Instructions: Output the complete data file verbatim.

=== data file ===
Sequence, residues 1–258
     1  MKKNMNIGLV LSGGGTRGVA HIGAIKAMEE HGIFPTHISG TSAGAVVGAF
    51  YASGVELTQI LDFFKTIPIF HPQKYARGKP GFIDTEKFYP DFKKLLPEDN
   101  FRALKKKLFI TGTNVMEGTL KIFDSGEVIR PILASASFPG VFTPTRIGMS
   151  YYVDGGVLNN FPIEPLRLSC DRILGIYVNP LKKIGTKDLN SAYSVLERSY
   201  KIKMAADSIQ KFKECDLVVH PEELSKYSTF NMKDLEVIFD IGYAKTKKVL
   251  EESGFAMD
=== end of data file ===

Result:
Sequence, residues 1–258
     1  MKKNMNIGLV LSGGGTRGVA HIGAIKAMEE HGIFPTHISG TSAGAVVGAF
    51  YASGVELTQI LDFFKTIPIF HPQKYARGKP GFIDTEKFYP DFKKLLPEDN
   101  FRALKKKLFI TGTNVMEGTL KIFDSGEVIR PILASASFPG VFTPTRIGMS
   151  YYVDGGVLNN FPIEPLRLSC DRILGIYVNP LKKIGTKDLN SAYSVLERSY
   201  KIKMAADSIQ KFKECDLVVH PEELSKYSTF NMKDLEVIFD IGYAKTKKVL
   251  EESGFAMD